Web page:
An old interview with Shigeru Miyamoto and other Nintendo employees from 1992 has recently been translated into English, revealing new information on the thoughts and ideas that went into the creation of the first game in the
Mario Kart franchise, Super Mario Kart for the SNES. One of the many aspects of the game that they touched on was the Battle Mode, discussing where the idea for the mode came from, why they chose to include it, and how it evolved throughout the development process.

Miyamoto: “Mario Kart has four game modes: Grand Prix, Match Race, Time Trial, and Battle Mode. But Time Attack was really more of a bonus addition. I know that ultimately, a racing game must include a time trial mode, so it was something we had to add, but it was a part of the game we figured we could leave to the end. The thing we spent the most time thinking about was the Battle Mode.

“The very fact that Battle Mode has nothing to do with racing is what made us want to add it, and give it special attention. It helped strengthen the image of the game: it’s not, “you get to become a world class racer!”, but rather “you get to race around and play in this go-kart with your friends!” To tell you the truth, I think we could have made a couple more games around that basic concept. Maybe a game where you use poles and compete in slalom skiing, or something with a jump platform, and you see who can get the highest jumps.”

Konno: “The Battle Mode was completed at a very early stage in the development. Interestingly, though, it was completely different in the beginning. Originally, there were no obstacles in the battle field, and you could drive around freely trying to hit your opponents with a standard “machine gun”-like, rapid-fire ball attack. You’d get a point for every time you hit your opponent.

“However, spinning around and around in this open field with no obstacles or landmarks, after 5 minutes you’d get really dizzy. (laughs) We then decided to add walls and other features in the hopes that it would prevent that.”

Many gamers have adored the Battle Mode in various Mario Kart titles throughout the years, although a lot of people were left disappointed by the version in the most recent entry, Mario Kart 8. Battle Mode has made the series really stand out over the years, differentiating it from other racing series, and it’s really cool to see how it evolved from a simple open field to the version we all remember from the early games. Goodness knows I spent many hours of my childhood battling it out in Mario Kart 64‘s Battle Mode, and I sure hope Nintendo goes back to that kind of design philosophy for it whenever they bring us the next Mario Kart title.

What do you think about Mario Kart‘s Battle Modes? Is it an important part of the game for you, or is it something you rarely even bother with? Which game in the series has your favorite version of this mode? Let us know in the comments!

Source: Shmuplations

Our Verdict

Tyler Meehan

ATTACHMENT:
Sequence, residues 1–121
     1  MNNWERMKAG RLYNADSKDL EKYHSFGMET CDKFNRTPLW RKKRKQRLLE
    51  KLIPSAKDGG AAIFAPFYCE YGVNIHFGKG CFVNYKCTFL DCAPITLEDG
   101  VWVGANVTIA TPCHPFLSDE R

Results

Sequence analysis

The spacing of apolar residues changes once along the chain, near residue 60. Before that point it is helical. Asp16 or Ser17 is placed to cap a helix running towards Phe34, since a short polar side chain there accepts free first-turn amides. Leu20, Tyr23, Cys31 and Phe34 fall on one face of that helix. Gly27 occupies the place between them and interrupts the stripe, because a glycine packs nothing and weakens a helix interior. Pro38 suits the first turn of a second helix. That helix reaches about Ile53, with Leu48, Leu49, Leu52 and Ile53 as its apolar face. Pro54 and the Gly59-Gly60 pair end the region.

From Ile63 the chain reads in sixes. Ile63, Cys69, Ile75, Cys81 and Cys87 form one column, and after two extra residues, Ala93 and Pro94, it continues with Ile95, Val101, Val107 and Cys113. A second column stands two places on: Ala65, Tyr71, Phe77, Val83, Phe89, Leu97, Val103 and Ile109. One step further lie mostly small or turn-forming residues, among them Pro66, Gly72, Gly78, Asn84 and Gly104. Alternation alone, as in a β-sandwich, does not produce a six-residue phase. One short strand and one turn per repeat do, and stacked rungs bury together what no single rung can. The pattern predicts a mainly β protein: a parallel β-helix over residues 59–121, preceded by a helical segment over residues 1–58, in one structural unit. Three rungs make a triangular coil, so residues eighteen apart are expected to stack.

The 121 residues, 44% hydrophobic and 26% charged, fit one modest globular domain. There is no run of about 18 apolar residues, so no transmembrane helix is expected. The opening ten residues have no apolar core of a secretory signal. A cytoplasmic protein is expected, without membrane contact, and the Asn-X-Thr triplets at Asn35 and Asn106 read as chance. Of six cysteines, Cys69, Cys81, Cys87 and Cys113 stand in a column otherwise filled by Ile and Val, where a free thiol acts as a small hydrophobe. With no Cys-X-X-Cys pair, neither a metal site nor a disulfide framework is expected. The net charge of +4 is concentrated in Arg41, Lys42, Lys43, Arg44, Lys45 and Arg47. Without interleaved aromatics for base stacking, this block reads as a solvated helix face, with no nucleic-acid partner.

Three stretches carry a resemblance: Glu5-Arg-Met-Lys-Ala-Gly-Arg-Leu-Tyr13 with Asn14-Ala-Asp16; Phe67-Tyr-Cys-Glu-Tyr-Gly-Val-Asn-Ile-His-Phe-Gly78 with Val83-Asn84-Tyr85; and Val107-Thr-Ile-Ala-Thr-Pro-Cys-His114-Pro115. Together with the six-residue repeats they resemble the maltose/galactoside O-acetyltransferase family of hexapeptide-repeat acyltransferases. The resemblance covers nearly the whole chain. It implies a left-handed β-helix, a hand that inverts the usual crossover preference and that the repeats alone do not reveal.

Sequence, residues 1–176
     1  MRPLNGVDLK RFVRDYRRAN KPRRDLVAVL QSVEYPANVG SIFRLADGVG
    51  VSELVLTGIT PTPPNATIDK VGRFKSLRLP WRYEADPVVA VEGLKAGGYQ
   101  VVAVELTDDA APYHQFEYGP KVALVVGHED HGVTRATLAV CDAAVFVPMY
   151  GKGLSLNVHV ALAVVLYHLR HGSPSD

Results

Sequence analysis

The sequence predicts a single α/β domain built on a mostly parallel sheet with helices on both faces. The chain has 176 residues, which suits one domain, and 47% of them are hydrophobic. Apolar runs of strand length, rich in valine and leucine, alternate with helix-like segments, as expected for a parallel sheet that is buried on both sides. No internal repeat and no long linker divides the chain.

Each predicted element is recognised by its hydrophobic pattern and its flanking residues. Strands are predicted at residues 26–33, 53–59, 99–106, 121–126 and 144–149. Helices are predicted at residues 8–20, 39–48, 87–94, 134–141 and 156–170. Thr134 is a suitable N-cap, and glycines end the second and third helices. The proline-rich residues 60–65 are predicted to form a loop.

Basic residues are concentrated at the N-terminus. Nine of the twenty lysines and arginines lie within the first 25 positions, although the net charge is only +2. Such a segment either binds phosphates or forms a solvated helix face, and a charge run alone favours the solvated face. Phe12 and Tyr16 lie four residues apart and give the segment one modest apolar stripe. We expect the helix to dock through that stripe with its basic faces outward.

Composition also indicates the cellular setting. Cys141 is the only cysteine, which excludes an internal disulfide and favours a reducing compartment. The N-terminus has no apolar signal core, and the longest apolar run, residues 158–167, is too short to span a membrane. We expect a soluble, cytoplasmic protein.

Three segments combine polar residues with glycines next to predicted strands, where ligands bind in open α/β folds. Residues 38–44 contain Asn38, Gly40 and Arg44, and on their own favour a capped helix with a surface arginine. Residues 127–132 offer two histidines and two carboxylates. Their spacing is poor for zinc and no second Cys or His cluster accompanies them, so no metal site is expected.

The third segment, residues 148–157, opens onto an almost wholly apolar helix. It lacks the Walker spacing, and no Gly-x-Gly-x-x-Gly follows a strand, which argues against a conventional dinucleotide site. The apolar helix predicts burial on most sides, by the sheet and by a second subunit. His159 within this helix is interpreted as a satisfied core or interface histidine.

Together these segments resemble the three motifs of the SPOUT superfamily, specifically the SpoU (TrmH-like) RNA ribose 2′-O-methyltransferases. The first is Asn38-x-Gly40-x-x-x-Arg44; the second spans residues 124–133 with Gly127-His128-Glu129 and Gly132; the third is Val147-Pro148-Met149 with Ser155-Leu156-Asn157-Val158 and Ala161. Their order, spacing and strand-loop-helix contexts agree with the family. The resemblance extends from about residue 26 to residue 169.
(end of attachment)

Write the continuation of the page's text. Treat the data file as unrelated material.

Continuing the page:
Tyler is verbose. He apologizes for that. Tyler "Alpha" Meehan's first experiences with gaming came from his cousins' NES and the Mario games that went with it. They were fun, but merely brief distractions while on the road (yes, they had an NES in their car. It was awesome, and he was jealous). Still, nothing compared to his Star Wars books. OR SO HE THOUGHT. His love of gaming truly began when he and a friend came together to beat the Nintendo 64's Mission: Impossible, a challenge so intense that Tyler bought his own console to facilitate its defeat. Upon being introduced to Ocarina of Time (an introduction that included, among other spoilers, the freakin' final boss fight. GEEZ, PHILIP), his lot in life as a Nintendo fanboy was sealed in stone. His ability to recall absolutely useless video game information served him well during the Pokémon craze, and helped him aid numerous friends in their own endeavors to defeat games like Majora's Mask and Kingdom Hearts. Those were good days. Good days... The Zelda series soon became his primary obsession fascination, but additionally he was soon introduced to text-based RPGs by one of his schoolmates. Discovering that he had a knack for the English language and a strong love of telling stories, he started putting effort into writing his own storylines. That all got put onto the backburner, though, when he discovered the Zelda online community, particularly The Desert Colossus's Hyrule Adventures 2, an online text RPG based in the Zelda world. He joined under the pseudonym of "Alpha" and soon became one of their lead writers, going so far as to join the moderator staff and, in a year's time, become the head administrator of the RPG. During this time, Twilight Princess was released, and he joined several other TDCers in posting their thoughts on the game - his "Twilight Impression Posts" lasted for several months and were well received by the community. Staying on even after the webmaster was forced to retire, he continued to provide occasional news posts and articles for the site, until it became clear that the site was dying. He turned his focus back to Hyrule Adventures 2 and his college studies, until the latter forced him to stop work on the former. Tyler graduated a few years ago from the Georgia Institute of Technology with a Bachelors in Computer Science, and now serves as a software engineer for a rather large company that he doesn't feel like telling you all about (he's a jerk like that sometimes). His love of gaming and writing still strong, he joined the Zelda Informer staff in early 2013 to write a walkthrough for The Wind Waker, but later began using his English skills to become ZI and Gamnesia's first dedicated Copy Editor. When not trying to get Brian to shut up in Gamnesia's group chat, he spends his time writing Zelda fanfiction, planning some original fantasy stories that he may or may not try to publish some day, and playing games on his Wii, PlayStation 3, and Nintendo 3DS. He intends to get a WiiU sooner or later, probably around when Pikmin 3 comes out, but has little interest in the other consoles currently. Also, he can't stand writing bios in first-person. Talking about yourself like that is just...weird.